Leave it all? (Day thirteen Luke 5:27-28)

27 After this, Jesus went out and saw a tax collector named Levi sitting at the tax booth. “Follow me,” he said to him. 28 And he got up and followed him, leaving everything behind. (Luke 5:27–28 NET)

The two words “follow me” are powerful in the context of passages like this.  To think of a man like Levi who had a good paying job, power, authority, and many other things our human nature desires leaving all of that behind to follow Christ is amazing.  It seems that in today’s culture finding even a few who are willing to leave everything behind for a few days or weeks to go on mission with Christ is seemingly impossible.  Many can’t even respond to the call to clean the church on a Saturday morning, or greet new comers at the door on Sunday much less really follow Christ in the sense that Levi did.  The text tells us that Levi left everything behind to follow Christ, and he knew virtually nothing of the man or the mission compared to the knowledge we have today in the context of Scripture and over 2,000 years of history.  Christ did not call everyone to full time vocational ministry then, and I don’t believe he does today either.  Not everyone will be called to leave their job, family, friends, and dreams to follow Christ although a faithful few do.  But all believers upon their calling into the faith have a responsibility to leave their old lives behind and to become faithful followers of Christ.  We must make it our goal in life to follow Christ and complete the mission we are given.  That mission will take time, effort, preparation, and require sacrifice on some level.  Our call to follow may not seem as religiously romantic as that of Levi’s, but it is not any less significant.  Will you answer the call to follow Christ, or simply submit another excuse to the KING OF KINGS, AND LORD OF LORDS?

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About Pastor Pete

Pete is the senior Pastor of Cowboy Fellowship in Pleasanton Texas. He is also the author of The Absolute Basics of Christianity, The Living Lamp, and a co-author of The Modern Day Disciple Bible Study series.
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4 Responses to Leave it all? (Day thirteen Luke 5:27-28)

  1. Karen Hart says:

    . “Our call to follow may not seem as religiously romantic as that of Levi’s, but it is not any less significant.” DOUBLE LIKE…………….

  2. Royce Hart says:

    I’m not sure what Levi knew about Jesus, but Jesus knew everything about Levi. Jesus asked because he knew Levi would follow. (I don’t remember anything about Jesus going to every tax collector’s booth and trying the same “cold-calling” technique.) And in order to walk out that commitment, Levi had to be ready to go.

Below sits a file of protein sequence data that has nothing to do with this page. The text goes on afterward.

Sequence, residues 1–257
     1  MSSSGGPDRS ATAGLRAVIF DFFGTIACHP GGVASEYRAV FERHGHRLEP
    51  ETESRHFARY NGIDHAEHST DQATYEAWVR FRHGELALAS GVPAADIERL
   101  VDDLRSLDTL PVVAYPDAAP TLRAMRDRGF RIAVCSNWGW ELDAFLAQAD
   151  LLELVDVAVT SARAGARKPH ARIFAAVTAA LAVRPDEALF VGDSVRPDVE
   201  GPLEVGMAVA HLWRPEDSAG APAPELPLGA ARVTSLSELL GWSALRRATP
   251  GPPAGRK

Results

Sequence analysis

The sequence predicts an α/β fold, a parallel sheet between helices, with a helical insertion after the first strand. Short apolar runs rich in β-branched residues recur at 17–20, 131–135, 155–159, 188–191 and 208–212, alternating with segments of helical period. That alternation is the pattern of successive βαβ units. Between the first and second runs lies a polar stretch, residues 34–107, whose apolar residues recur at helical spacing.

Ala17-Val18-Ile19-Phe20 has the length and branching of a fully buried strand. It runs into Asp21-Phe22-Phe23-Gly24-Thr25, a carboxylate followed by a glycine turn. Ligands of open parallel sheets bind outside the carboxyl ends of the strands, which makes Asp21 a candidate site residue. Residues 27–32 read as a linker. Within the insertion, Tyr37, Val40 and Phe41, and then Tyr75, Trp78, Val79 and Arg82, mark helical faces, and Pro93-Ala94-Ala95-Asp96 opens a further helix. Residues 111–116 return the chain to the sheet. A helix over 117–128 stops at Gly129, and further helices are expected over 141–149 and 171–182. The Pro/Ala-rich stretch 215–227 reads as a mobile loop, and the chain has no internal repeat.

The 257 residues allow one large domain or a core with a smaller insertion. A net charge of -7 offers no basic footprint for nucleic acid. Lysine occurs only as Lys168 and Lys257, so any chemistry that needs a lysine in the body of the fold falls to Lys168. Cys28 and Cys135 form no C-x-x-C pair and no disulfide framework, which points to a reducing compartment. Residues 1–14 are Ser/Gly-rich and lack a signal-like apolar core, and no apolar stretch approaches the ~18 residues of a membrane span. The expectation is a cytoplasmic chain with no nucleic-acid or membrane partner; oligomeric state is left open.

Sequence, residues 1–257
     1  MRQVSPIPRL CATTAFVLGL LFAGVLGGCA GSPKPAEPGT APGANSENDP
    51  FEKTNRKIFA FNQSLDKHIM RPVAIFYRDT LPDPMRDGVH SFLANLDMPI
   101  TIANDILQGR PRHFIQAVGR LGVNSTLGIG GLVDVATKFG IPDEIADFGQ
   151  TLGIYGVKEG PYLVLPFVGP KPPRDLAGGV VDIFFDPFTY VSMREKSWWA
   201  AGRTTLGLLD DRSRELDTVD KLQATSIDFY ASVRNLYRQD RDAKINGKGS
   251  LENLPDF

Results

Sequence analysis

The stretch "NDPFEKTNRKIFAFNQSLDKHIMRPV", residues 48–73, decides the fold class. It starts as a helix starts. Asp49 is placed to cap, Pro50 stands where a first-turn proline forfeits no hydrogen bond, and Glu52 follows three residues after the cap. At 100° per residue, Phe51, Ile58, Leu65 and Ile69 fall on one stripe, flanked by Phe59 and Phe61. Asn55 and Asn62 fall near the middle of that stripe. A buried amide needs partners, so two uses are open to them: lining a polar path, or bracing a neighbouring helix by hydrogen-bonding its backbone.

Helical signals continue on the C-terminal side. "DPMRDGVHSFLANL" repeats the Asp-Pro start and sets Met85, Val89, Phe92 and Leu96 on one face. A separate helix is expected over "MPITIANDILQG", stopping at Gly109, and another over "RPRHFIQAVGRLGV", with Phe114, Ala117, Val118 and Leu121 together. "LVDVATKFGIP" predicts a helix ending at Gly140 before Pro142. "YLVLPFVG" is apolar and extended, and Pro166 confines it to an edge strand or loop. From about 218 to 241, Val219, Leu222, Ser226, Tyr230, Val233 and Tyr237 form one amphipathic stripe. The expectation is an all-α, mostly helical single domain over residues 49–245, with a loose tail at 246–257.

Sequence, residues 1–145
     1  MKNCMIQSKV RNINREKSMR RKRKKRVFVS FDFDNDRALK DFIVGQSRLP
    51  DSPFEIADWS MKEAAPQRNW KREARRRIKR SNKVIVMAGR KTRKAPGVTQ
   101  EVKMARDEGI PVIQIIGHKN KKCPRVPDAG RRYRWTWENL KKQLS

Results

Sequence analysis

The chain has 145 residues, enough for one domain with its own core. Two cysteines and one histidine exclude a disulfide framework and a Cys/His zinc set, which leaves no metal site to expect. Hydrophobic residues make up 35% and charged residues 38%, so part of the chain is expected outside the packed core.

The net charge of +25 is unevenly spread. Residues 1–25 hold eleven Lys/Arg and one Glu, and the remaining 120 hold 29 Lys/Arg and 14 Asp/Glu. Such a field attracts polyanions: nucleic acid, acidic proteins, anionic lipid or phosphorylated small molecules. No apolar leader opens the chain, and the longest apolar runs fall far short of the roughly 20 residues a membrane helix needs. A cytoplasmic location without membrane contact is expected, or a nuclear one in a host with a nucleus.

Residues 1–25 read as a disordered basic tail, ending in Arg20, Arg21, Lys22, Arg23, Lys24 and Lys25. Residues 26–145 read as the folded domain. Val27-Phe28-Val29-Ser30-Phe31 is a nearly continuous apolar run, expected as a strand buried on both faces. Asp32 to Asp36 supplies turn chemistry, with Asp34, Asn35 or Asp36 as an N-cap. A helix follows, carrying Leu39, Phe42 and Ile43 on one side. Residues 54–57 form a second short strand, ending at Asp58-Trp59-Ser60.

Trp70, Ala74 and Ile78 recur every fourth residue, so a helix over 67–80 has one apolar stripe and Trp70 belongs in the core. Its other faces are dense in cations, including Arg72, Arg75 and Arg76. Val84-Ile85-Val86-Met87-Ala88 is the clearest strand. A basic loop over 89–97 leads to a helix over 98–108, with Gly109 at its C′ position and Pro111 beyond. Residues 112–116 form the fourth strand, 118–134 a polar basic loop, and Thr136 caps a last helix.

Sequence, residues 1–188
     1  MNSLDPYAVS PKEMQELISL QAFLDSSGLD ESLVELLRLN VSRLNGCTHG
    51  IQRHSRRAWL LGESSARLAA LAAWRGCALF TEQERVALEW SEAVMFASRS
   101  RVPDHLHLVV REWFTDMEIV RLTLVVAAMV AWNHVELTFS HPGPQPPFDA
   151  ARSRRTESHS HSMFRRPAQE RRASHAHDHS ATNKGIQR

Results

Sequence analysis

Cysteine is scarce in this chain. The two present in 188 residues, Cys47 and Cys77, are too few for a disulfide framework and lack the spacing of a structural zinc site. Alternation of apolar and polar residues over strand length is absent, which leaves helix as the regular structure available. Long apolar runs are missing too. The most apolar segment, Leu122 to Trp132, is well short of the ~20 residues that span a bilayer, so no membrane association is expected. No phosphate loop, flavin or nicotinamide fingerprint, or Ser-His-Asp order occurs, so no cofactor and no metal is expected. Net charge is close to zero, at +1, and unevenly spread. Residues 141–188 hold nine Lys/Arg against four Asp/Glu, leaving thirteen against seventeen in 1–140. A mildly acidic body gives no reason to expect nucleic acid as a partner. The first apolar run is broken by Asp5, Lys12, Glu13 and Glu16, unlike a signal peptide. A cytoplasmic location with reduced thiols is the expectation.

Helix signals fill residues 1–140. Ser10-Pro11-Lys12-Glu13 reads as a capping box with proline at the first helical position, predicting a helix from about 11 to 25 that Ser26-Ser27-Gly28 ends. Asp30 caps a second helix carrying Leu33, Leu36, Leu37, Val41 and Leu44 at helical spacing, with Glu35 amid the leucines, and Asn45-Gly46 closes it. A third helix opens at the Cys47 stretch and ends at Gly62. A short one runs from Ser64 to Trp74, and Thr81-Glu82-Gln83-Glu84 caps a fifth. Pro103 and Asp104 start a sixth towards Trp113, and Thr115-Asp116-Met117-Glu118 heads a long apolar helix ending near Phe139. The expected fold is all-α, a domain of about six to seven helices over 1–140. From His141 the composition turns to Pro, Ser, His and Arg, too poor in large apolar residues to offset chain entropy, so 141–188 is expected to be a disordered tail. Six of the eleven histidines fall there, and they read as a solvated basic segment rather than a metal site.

A few years ago, I was involved with a non-denominational church that spent evenings and weekends doing neighborhood outreach. My family and I spent many hours handing out tracts and inviting folks to service. On a few occasions our pastor would invite us to go street preaching… with megaphones, right in the middle of busy intersections. He called it declaring the Lord’s authority over the region, taking territory for Christ.

    I learned a few things from that experience. First, this was a miserable substitute for ministry… in my many months of outreach efforts, I don’t recall praying with a single person to receive Jesus Christ as their Lord and Savior. (Don’t talk to me about “planting seeds” – by the time I left these people, they were ready to run me off. I helped that church alienate people from the Gospel. We blared the Good News through a loudspeaker or passed out tracts illustrating the horrors of hell to people who, justifiably, considered us nuts. Who knows how many we drove away?)

    I don’t doubt the sincerity of the pastor and congregation of the church I described. The pastor and his family worked tirelessly to reach lost souls for Jesus, and the congregation faithfully followed and served to help him fulfill that calling. I am certain that they were doing all that they knew to do. But I don’t think it’s fair to compare that with the calling of Levi.

    • Pastor Pete says:

      Royce what do you think the better approach might be. Obviously the approach Jesus took but exactly what might that look like in our modern world?

      • Royce Hart says:

        Pastor, I think the best course is what your church and others like it have embraced: Service. Meeting people in their need. Loving folks through difficulties, regardless of where they are spiritually, physically, socially, financially. Providing discipleship, correction and teaching to the Church, those who have submitted to the call of Christ, modeling it through authentic servant leadership.

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